As a successful entrepreneur or business owner, you won’t want the business you’ve built up to simply stop when you retire or move to new interests.
However, anecdotal evidence shows of those who plan to sell their business, only around a fifth will be successful.
Exit planning isn’t an overnight exercise. If you want to ensure a good price for the business when you sell, you need to start planning 5, 10 or even 15 years ahead of time.
What makes for a good sales prospect and price?
The sale price of a business used to focus primarily on multiples of turnover. However, nowadays the calculations are more complex and can involve a myriad of other factors.
Areas to think about well ahead of time include:
- The intellectual property you can bring to your business. For example, if you have an accountancy firm, what could you develop which would make you stand out from the competition?
- Whether you could develop skills in specialist areas such as tax, or if you can develop and demonstrate expertise in mergers and acquisitions?
- Your marketing: Do you have a well-known brand and active marketing programme?
- What assets are there in the business? For example, premises and equipment.
Your sales patterns are also important, consider:
- What kind of sales pattern do you have? Recurring revenue through ongoing subscriptions on auto-renew offers predictable cash flow, as does retainer work, and can make your business more attractive to buyers.
- Are you very affected by seasonal buying? If so, could you can add a new product or service to reduce the peaks and troughs of demand?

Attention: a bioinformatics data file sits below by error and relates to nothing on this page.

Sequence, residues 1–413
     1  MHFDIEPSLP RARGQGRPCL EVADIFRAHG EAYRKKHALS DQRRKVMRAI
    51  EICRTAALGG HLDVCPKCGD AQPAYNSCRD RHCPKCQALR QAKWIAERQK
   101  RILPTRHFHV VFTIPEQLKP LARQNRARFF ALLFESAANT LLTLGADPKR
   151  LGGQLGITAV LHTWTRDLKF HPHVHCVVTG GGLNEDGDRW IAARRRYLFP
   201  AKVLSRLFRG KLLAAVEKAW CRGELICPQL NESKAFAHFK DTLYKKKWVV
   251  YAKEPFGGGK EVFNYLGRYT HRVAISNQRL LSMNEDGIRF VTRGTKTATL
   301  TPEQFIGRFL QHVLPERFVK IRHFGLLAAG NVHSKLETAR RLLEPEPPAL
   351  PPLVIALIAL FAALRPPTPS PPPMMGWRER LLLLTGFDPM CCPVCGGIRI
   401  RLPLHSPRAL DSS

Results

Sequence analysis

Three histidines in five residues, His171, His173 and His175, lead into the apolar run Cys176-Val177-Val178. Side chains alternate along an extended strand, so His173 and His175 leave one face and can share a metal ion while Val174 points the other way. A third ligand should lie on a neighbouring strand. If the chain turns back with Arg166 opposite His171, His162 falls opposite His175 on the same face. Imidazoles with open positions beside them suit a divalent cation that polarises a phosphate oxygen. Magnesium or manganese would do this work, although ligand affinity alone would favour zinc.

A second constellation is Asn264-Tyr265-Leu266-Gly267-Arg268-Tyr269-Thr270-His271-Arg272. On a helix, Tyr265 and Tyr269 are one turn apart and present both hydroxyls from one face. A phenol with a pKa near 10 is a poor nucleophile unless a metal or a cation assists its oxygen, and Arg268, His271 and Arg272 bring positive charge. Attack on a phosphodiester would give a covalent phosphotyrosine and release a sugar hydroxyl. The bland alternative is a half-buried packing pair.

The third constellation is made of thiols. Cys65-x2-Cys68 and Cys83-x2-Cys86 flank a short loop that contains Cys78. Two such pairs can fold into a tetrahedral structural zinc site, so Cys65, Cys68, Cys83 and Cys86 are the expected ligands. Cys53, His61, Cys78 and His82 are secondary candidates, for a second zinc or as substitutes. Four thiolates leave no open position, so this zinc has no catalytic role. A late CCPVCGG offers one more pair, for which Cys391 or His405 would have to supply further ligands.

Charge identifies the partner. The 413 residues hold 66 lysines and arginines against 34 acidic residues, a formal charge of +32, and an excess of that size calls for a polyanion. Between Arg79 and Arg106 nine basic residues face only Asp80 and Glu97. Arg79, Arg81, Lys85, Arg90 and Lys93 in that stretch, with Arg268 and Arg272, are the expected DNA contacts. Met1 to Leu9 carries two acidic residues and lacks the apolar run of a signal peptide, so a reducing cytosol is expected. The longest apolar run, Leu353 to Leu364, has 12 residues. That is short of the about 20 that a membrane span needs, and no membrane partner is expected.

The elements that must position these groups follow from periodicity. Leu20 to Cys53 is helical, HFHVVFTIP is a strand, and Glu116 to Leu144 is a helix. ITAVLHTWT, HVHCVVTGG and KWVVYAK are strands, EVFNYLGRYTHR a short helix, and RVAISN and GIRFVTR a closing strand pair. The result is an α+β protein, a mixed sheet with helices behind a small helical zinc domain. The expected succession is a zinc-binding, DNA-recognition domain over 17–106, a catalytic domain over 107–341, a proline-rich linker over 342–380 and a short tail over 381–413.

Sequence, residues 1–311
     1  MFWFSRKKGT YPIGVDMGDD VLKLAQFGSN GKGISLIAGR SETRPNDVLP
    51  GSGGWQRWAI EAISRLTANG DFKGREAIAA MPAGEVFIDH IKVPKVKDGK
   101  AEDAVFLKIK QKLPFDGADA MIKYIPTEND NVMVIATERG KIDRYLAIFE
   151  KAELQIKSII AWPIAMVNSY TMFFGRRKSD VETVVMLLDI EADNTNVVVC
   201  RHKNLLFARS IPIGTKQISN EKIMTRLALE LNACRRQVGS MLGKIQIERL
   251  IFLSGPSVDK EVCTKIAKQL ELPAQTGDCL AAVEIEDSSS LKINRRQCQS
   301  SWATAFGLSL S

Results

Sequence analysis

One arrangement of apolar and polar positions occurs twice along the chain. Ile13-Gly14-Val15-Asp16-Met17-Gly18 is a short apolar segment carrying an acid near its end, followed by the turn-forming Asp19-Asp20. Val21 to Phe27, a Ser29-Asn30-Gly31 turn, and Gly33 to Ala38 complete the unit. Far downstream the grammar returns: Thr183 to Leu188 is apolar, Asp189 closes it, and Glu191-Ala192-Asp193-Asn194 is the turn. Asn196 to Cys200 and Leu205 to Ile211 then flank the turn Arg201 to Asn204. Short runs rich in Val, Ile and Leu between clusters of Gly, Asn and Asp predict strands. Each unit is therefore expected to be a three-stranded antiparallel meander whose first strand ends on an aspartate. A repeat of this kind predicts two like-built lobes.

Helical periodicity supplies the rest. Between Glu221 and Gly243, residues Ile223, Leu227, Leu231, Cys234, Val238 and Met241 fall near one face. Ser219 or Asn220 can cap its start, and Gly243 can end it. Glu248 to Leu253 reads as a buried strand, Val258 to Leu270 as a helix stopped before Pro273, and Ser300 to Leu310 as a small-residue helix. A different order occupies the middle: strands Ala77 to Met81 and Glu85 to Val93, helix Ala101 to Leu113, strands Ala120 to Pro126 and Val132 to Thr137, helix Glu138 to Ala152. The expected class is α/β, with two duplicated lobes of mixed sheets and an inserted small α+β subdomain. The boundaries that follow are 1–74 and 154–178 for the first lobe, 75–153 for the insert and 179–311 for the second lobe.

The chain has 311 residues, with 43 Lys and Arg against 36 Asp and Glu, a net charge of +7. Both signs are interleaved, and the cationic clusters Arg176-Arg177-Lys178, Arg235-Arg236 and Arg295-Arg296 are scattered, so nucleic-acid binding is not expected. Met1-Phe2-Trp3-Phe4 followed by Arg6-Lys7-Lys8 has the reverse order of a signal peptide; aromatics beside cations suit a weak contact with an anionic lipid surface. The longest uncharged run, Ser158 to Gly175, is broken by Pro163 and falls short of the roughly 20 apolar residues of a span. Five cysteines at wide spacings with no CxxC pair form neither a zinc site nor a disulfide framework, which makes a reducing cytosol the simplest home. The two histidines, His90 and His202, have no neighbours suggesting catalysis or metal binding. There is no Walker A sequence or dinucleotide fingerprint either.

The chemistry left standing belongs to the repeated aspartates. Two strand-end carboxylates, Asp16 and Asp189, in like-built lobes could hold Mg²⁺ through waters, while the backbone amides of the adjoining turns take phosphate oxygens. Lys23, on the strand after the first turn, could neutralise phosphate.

How much will someone be prepared to pay?
The value that someone is willing to put on a business can vary considerably depending on how it fits into their business strategy.
For example, a firm seeking fast growth may be prepared to pay a higher price for your business to give them extra capacity and staff immediately, rather than the lag which would come from building their business up themselves.
Are your finances in good shape?
Don’t forget about your finances – having demonstrable ongoing cash flow, good profit margins, significant tangible and/or intangible assets, and small debt levels are all likely to come into play when negotiating to achieve a good sales price.
This is where having a seasoned and senior level financial director or finance manager can pay dividends. They can help you prepare for sale 3 to 5 years ahead, highlighting any anomalies and spotting areas which could be improved, such as profit margins, to help gain a higher sales price when the time comes.
Ensuring your financial records are in order is also an essential box to tick – think Patisserie Valerie and the recent discovery of the £20million ‘black hole’ in the chain’s finances and the arrest of the finance chief.
The FD will also be an important ally to have at your side when it comes to negotiations and due diligence, including valuable advice on what the purchaser is offering in terms of price and terms.
Your finance team or director may also be a key part of your succession planning and, if they stay with the company after you leave, provide reassurance for the purchasers.
What other sale options should you consider?
As well as selling the business as a going concern to outside parties, you could consider offering it to your management team through a management buyout, or even taking inspiration from the likes of Rupert Murdoch and Richard Branson and involving your children with the view to them becoming your successors in the business.
It’s also worth deciding what you want to happen to the business should you die whilst actively involved. This requires a written agreement and often takes the form of offering the stake in the business firstly to senior management team, to try and ensure continuity of the business.
Finally, if you want to sell your business as a going concern, there are certain legal responsibilities you need to fulfil – to your staff, to the tax man, to your purchaser and, if applicable, to your shareholders.
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Photo credit – Little John, Unsplash